اختلالات راهگاهی حسی در سندرم روان پریشی ضعیف
|کد مقاله||سال انتشار||مقاله انگلیسی||ترجمه فارسی||تعداد کلمات|
|31931||2015||6 صفحه PDF||سفارش دهید||4320 کلمه|
Publisher : Elsevier - Science Direct (الزویر - ساینس دایرکت)
Journal : Schizophrenia Research, Volume 161, Issues 2–3, February 2015, Pages 277–282
Background Individuals with an “Attenuated Psychosis Syndrome” (APS) have a 20–40% chance of developing a psychotic disorder within two years; however it is difficult to predict which of them will become ill on the basis of their clinical symptoms alone. We examined whether P50 gating deficits could help to discriminate individuals with APS and also those who are particularly likely to make a transition to psychosis. Method 36 cases meeting PACE (Personal Assessment and Crisis Evaluation) criteria for the APS, all free of antipsychotics, and 60 controls performed an auditory conditioning–testing experiment while their electroencephalogram was recorded. The P50 ratio and its C–T difference were compared between groups. Subjects received follow-up for up to 2 years to determine their clinical outcome. Results The P50 ratio was significantly higher and C–T difference lower in the APS group compared to controls. Of the individuals with APS who completed the follow-up (n = 36), nine (25%) developed psychosis. P50 ratio and the C–T difference did not significantly differ between those individuals who developed psychosis and those who did not within the APS group. Conclusion P50 deficits appear to be associated with the pre-clinical phase of psychosis. However, due to the limitations of the study and its sample size, replication in an independent cohort is necessary, to clarify the role of P50 deficits in illness progression and whether this inexpensive and non-invasive EEG marker could be of clinical value in the prediction of psychosis outcomes amongst populations at risk.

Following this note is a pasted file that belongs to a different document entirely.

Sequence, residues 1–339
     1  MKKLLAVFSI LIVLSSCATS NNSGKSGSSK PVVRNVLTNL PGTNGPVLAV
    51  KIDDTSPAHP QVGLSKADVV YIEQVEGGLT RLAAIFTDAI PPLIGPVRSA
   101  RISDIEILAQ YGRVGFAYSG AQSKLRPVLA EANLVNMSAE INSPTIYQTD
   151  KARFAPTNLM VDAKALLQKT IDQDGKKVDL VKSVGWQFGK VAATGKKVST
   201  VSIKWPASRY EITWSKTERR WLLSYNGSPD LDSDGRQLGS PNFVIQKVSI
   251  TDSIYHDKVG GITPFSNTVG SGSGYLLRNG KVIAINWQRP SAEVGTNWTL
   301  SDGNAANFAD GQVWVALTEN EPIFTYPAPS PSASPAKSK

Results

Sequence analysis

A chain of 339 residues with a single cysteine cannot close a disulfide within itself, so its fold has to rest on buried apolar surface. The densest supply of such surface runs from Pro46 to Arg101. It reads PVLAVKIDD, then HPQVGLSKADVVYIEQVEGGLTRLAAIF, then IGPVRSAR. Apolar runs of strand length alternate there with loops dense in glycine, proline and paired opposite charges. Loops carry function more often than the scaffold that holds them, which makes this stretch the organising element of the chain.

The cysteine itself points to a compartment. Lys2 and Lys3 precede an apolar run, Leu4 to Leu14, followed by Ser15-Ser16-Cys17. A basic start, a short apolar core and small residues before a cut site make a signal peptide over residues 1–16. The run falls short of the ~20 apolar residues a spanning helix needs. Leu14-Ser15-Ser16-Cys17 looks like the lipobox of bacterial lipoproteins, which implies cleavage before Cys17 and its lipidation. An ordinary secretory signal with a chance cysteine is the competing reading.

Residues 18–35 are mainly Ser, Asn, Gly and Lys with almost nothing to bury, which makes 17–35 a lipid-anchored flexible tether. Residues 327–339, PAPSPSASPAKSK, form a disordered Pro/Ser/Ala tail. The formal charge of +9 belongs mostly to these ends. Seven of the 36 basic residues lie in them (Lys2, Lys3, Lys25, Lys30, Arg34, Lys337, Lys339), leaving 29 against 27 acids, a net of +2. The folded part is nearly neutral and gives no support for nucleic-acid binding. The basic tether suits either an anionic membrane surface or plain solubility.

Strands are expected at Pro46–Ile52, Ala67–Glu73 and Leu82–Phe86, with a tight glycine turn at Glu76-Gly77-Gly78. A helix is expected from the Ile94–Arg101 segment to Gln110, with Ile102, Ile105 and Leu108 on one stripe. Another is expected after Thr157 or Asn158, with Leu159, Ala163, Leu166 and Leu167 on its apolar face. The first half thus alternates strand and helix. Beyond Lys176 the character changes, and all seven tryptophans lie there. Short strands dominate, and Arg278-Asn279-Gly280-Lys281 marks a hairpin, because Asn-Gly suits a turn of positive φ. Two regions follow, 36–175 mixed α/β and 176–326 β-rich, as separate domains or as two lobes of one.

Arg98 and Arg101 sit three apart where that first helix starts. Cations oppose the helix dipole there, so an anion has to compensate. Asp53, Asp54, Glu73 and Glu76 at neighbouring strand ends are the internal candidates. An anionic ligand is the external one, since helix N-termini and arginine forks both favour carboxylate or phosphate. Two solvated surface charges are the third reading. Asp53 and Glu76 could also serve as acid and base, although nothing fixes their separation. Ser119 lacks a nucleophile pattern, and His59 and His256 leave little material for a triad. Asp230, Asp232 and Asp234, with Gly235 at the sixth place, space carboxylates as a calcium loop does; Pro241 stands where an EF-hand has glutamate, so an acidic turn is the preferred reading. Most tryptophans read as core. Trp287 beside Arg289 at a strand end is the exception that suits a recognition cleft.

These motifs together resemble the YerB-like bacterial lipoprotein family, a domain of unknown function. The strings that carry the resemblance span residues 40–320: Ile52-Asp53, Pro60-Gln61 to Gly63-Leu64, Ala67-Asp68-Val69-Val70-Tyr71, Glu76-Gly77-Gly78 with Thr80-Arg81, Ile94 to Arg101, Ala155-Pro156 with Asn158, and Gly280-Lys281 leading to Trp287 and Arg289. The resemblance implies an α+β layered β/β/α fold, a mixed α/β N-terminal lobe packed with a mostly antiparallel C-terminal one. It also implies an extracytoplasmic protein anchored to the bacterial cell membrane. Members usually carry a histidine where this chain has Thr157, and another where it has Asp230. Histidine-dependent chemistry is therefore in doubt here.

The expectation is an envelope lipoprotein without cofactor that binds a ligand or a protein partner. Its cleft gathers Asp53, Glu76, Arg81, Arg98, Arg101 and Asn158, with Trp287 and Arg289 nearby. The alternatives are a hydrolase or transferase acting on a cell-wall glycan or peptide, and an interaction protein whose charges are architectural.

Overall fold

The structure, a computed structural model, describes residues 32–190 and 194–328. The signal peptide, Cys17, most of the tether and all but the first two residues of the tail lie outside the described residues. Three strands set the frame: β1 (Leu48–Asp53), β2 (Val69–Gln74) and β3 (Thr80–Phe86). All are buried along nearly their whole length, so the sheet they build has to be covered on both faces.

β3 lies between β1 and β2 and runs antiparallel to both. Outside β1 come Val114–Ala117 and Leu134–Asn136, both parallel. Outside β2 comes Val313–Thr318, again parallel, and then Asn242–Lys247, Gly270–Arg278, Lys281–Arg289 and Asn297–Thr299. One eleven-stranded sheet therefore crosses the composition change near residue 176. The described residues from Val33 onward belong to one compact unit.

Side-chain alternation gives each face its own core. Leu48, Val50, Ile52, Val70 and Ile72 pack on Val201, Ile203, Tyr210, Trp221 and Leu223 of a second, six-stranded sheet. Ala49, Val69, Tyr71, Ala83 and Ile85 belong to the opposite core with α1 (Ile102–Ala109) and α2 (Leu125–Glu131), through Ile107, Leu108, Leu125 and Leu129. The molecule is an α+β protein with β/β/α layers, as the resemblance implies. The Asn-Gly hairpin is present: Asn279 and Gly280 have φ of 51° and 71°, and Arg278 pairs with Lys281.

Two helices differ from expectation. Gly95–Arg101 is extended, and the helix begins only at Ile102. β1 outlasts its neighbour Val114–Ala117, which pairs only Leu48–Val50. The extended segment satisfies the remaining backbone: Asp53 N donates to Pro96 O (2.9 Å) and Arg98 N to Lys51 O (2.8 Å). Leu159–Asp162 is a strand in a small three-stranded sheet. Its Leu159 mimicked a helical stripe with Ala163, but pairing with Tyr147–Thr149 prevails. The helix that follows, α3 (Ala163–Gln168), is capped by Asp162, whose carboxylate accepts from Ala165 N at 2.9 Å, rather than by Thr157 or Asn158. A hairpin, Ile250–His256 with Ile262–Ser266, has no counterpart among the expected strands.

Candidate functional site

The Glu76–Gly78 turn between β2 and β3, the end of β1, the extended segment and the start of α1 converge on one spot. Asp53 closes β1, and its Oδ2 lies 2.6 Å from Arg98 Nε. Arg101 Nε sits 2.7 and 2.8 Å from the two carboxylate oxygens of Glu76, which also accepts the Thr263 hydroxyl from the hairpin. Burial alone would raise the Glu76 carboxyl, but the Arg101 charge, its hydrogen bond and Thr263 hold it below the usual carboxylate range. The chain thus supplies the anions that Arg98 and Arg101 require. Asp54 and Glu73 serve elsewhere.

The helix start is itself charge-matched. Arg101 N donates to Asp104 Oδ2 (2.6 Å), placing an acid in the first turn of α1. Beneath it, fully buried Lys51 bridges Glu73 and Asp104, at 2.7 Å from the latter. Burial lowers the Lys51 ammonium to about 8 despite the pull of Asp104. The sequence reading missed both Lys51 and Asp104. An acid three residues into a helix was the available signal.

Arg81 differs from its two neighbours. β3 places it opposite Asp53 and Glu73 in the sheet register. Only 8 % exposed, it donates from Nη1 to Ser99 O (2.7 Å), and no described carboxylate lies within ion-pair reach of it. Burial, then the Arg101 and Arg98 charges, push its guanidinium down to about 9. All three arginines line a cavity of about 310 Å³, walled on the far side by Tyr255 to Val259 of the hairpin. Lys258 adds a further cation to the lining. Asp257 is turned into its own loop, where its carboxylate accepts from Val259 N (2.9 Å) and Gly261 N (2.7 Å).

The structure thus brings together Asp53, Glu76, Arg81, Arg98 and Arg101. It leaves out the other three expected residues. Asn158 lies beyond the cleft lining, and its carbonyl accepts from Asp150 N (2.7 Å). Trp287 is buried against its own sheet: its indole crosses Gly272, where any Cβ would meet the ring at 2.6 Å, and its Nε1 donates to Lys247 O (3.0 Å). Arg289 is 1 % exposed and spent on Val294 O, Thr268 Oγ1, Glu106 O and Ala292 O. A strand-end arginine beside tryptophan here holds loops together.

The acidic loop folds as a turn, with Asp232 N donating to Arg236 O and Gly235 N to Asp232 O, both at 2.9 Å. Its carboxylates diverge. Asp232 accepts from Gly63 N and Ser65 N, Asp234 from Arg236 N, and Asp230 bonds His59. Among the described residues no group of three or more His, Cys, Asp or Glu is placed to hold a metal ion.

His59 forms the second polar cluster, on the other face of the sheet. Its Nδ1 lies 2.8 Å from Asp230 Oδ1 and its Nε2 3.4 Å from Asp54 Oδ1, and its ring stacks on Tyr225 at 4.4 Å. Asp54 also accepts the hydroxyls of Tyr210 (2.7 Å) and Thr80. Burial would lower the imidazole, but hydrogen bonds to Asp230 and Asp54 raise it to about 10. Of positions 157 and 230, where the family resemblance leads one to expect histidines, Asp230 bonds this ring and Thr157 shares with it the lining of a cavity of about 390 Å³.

The P50 auditory evoked potential has been used to reflect the brain's gating mechanism, which is the individual's ability to filter out repetitive or trivial stimuli in order to minimize information overload (Freedman et al., 1996). P50 auditory event-related potential (ERP) waves are generated by identical pairs of clicks 500 ms apart in what is commonly referred to as the conditioning–testing paradigm. The first stimulus (condition P50; C) activates or conditions the inhibition phenomenon, while the second (test P50; T) tests its strength. Normally, individuals exhibit more than a 70% reduction of the second wave relative to the first. This diminished T wave is thought to be the product of inhibitory neural circuitry by the C stimuli (Adler et al., 1982 and Freedman et al., 1997). Compared to controls, patients with schizophrenia show a relatively larger P50 response to the second stimulus in a paired-click auditory evoked response paradigm, resulting in only 20%–50% suppression (Freedman et al., 1983, Freedman et al., 1987, Nagamoto et al., 1989, Judd et al., 1992, Ward et al., 1996, Clementz et al., 1997, Clementz et al., 1998 and Shaikh et al., 2010). Unaffected first-degree biological relatives of schizophrenia patients also have poor P50 suppression, suggesting that this effect may be familial, indeed relating to the genetic liability for this illness (Siegel et al., 1984, Waldo et al., 1988, Waldo et al., 1995, Waldo et al., 2000, Stevens et al., 1996, Clementz et al., 1998 and Shaikh et al., 2010). Diminished P50 suppression has also been found in bipolar disorder patients with psychotic features and their unaffected relatives (Franks et al., 1983, Baker et al., 1990, Olincy and Martin, 2005, Schulze et al., 2007, Hall et al., 2008 and Sanchez-Morla et al., 2008). There is some controversy regarding whether or not the schizophrenia-related deficit represents a ‘gating’ phenomenon. Some studies have reported that the amplitude from the second stimulus is the same in patients and controls, while the amplitude and/or latency for the first stimulus is altered in patients, perhaps accounting for the decreased ratio (Jin and Potkin, 1996 and Jin et al., 1997). As such, the reduced P50 amplitude to the second of paired clicks (C, T) might be more reliably measured as the difference between P50 amplitudes (C–T) rather than its ratio (T/C) (Dalecki et al., 2011). Generally, the utility of P50 paired-click measures has been limited by their unestablished reliability, unknown effects of time differences in peak selection methodology and rater blinding, poor signal-to-noise ratio, sound intensity, seating position and long protocol (de Wilde et al., 2007a, de Wilde et al., 2007b and Dalecki et al., 2011). In spite of controversies surrounding the P50 ERP, reduced P50 ratio in schizophrenia has been confirmed meta-analytically (Bramon et al., 2004, de Wilde et al., 2007a and de Wilde et al., 2007b). Studies have shown that P50 gating is already impaired in the early stages of schizophrenia. Myles-Worsley et al. (2004) compared a genetically defined high-risk group and a clinically defined sample of at-risk adolescents and showed that P50 suppression was impaired in both groups. Yet, in the genetically high-risk group, P50 suppression abnormalities were found only in those with clinically defined prodromal symptoms. Cadenhead et al. (2005) showed that subjects at risk of developing a psychosis with a first-degree relative with schizophrenia had significantly lower levels of P50 suppression relative to control subjects. Furthermore Brockhaus-Dumke et al. (2008) found that P50 gating deficits are present in individuals at clinical high risk and amongst drug-naïve first-episode patients in comparison to control subjects. However, not all studies have shown P50 deficits in high risk individuals (Ziermans et al., 2012), first episode psychosis (de Wilde et al., 2007b and Bachmann et al., 2010) and established schizophrenia (Kathmann and Engel, 1990). Since the P50 wave has been shown to be both heritable (Young et al., 1996 and Hall et al., 2006) and possibly linked to liability for psychotic disorders, we expected to demonstrate and replicate P50 suppression in individuals with APS. Our first prediction was that P50 ratio would be increased and C–T amplitude difference smaller in the APS group relative to controls. As a preliminary analysis we also explored whether P50 suppression could be used to identify those individuals with APS who are likely to make a conversion to psychosis.